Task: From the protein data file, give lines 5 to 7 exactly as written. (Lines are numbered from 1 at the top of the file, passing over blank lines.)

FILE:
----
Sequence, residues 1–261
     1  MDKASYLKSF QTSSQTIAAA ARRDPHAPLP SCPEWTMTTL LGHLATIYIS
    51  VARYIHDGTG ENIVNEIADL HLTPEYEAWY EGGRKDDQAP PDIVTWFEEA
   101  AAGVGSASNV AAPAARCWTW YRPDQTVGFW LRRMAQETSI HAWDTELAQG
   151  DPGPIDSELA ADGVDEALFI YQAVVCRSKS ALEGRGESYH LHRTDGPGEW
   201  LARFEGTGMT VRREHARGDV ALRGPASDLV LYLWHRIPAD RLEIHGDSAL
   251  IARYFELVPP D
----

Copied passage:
   151  DPGPIDSELA ADGVDEALFI YQAVVCRSKS ALEGRGESYH LHRTDGPGEW
   201  LARFEGTGMT VRREHARGDV ALRGPASDLV LYLWHRIPAD RLEIHGDSAL
   251  IARYFELVPP D